IDEO.org and Acumen ran an amazing Human Centered Design course over summer 2013 which offered great advise on creating social impact. As a community we can learn and use their materials on prototyping to create more impact.
One element that makes our OpenIDEO community so unique is the diversity. Now we're making it easier for global university students to get involved in our design challenges for social impact.
Our Recycling Challenge is already proving to be an exciting global call to action that's inspiring people to rethink their relationship with waste. With over 300 contributions to the Inspiration phase, the conversation is energised with thoughtful stories, examples and insights. And we’re just getting started – from the community member who went out to talk to his local recycling plant, to the brave members who took on our Zero Waste Challenge by eliminating all waste for a week – we’re pumped to keep the positive energy moving.
How might our words promote communities that are safer and empowering for women and girls? We can't even count all the ways.
With over 300 idea contributions so far, our Women’s Safety Challenge is buzzing with dynamic, thoughtful content. We are inspired to see a healthy mix of existing community members participating, in addition to an influx of new members diving in to expand the conversation around safety for women and girls. As we move towards the final weeks of the Ideas phase, let’s be sure to continue brainstorming around our Opportunity Areas. Whether you’re just joining us in the challenge or have been active in the conversation from the beginning, check out these contribution highlights for some extra inspiration.
As a part of my Community Prototyper role, I will be prototyping an idea from the Women's Safety Challenge in the field. In my first post I broke down the prototyping process into three steps, the first of which is creating a storyboard of the user journey. Presenting the idea with visuals + language communicates the idea to the audience easier and helps you get to know your user needs in greater depth.
By listening to the individual stories and insights of others, we break down our own assumptions – what we think we know – and it leads to some incredible ‘aha’ moments throughout the process. This is why we run the Research phase of the challenge before jumping straight into idea development.
We're sometimes asked at OpenIDEO why we run the Research phase first and don't just dive straight into the Concepting phase to start generating ideas. So we thought we'd share some reasons on why we've found the inspiration approach to be success
A significant part of my role as CCC is to highlight stories and good moves within the OpenIDEO community. But today I want to show you a glimpse of my off-platform community – Bombay – and share one example of a network’s potential to make this urban area safer and more empowering for women and girls.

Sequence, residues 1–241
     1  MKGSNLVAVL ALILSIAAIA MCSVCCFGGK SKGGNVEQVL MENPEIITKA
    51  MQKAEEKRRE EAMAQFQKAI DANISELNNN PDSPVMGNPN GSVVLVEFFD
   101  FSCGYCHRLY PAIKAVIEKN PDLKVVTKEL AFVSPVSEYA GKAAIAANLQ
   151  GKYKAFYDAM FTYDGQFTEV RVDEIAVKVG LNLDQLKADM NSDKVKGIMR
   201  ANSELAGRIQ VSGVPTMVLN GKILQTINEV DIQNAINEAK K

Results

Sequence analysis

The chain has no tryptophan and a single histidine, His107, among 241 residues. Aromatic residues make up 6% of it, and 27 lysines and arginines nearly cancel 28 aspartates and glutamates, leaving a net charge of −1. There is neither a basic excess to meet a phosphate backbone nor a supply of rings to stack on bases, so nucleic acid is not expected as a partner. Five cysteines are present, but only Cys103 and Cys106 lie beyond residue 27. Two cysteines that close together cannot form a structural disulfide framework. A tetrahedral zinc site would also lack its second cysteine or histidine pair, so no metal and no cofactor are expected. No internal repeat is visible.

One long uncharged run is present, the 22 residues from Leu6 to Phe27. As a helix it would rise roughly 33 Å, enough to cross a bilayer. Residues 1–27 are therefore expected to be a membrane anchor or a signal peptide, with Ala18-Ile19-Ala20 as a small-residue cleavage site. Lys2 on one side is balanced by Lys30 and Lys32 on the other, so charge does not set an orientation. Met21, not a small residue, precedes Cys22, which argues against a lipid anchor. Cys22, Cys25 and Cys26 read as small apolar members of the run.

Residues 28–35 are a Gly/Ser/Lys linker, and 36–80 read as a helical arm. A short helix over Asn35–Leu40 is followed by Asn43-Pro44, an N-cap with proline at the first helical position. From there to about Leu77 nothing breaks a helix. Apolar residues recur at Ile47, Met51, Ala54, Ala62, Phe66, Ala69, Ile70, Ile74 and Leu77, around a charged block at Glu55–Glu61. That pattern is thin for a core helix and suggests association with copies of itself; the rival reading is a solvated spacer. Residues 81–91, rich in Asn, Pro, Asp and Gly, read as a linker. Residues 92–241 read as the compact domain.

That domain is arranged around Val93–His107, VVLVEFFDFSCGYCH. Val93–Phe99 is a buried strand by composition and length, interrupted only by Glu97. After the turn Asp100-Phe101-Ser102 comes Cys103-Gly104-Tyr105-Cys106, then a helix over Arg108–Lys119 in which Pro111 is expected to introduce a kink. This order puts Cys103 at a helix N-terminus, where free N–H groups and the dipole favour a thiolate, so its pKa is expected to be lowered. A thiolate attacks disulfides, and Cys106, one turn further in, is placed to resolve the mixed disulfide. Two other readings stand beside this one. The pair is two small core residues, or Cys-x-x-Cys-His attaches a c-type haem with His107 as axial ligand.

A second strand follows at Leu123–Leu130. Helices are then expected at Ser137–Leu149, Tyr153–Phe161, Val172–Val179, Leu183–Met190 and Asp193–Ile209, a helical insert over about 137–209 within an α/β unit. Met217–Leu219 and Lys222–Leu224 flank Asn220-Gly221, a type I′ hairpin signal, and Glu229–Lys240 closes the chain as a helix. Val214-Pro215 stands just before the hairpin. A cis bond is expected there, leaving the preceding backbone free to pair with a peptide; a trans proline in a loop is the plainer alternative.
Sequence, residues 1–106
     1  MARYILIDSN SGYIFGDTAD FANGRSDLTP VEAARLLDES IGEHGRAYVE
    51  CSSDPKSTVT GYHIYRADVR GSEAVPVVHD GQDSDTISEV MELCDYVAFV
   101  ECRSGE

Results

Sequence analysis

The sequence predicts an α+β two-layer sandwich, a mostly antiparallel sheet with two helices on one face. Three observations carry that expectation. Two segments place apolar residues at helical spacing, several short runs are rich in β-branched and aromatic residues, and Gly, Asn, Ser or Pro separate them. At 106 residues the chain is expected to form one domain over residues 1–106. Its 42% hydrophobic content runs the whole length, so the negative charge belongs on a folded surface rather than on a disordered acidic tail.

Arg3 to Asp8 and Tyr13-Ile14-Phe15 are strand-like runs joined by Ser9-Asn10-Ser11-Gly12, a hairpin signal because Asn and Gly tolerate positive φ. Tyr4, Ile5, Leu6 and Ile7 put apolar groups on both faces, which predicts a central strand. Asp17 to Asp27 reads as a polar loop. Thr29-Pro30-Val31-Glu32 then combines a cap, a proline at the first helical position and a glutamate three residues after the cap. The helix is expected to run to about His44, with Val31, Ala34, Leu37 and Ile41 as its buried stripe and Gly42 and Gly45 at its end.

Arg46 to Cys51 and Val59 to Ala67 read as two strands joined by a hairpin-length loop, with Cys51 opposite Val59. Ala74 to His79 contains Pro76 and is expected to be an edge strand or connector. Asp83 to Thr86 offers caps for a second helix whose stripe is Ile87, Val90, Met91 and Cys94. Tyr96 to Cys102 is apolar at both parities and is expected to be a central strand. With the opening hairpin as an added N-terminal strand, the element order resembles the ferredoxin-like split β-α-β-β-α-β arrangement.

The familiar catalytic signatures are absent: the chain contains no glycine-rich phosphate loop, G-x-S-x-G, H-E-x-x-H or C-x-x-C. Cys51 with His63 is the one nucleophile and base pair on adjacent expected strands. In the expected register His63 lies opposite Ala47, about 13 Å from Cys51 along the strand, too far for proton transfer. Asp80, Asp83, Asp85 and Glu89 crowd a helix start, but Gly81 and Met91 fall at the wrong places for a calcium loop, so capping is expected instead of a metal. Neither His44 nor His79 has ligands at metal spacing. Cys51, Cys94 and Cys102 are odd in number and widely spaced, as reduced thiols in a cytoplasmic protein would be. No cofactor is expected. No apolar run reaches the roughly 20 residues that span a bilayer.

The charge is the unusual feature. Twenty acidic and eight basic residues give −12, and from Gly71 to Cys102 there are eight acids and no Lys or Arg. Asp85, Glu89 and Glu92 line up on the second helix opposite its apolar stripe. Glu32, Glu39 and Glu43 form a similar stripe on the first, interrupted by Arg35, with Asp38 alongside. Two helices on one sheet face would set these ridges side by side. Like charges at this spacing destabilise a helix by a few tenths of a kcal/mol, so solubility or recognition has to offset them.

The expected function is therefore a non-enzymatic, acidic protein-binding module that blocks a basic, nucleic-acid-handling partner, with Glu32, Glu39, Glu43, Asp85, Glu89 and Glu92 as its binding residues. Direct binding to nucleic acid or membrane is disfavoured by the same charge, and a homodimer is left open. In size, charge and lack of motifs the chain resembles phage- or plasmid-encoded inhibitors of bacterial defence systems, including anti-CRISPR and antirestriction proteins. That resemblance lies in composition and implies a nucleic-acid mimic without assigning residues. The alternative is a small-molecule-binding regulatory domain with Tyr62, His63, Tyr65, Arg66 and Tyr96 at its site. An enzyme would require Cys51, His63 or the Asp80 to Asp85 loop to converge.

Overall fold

Now that the Women's Safety Challenge Ideas phase is in full motion, we are excited to sit down with members of the Amplify Team to get an insider's scoop. Nathan Waterhouse (OpenIDEO), Sean Hewens (IDEO.org) and Nicki Goh (UK Department of International Development) share their thoughts with the OpenIDEO community:
Quick recap of Ideas phase so far and suggestions for next steps on sharing ideas, prototyping, and collaboration.
The power of OpenIDEO comes from the open-source environment where all ideators are encouraged to build on the submitted ideas and consequently form teams. In the coming weeks, I will bring together a few ideas and prototype them. I highly encourage everyone to prototype together with me and take the ideas further with a human-centered-approach.
In preparation for the Ideas phase, the Amplify Team recently came together for a day-long Synthesis Workshop. Our goal was to reflect on the patterns and themes surfaced by the community during Research and gather insights around the collective contributions so far. Hundreds of Post-its later, the team took everything we learned from the Research phase and identified six Opportunity Areas and Design Principles to help guide you into the Ideas phase:
Welcome to the Ideas phase! Here are several easy-to-use tools to kick start your thinking towards solutions that will make low-income urban areas safer for women and girls.
“If we don’t intentionally include, we intentionally exclude.” The Research phase is rich in contributions that include men and boys in awareness, discussion, and action – reminding us that safety for women and girls concerns all of us.
We checked in with IDEO's Jocelyn Wyatt to get some tips on generating Concepts for low-income communities.
Congrats on diving into our Ideas phase! Here's some tips on areas you might explore to develop your idea further and bring it closer to our big goal: real world impact.
Connecting online collaboration with offline action, or in which I leave the computer to engage with the world.
There are lots of themes developing among our 400+ contributions so far. Among these themes, I’ve noticed two umbrella categories: shifting attitudes and safety measures.
Here is a good problem to have: OpenIDEO collaborators have been so active in the week or so since the Women's Safety Challenge launched that one blog post can't possibly capture all the share-worthy research I've come across so far. For this update, I chose to focus on interviews, highlighting a few examples from the community and offering tips to get you started on your own.
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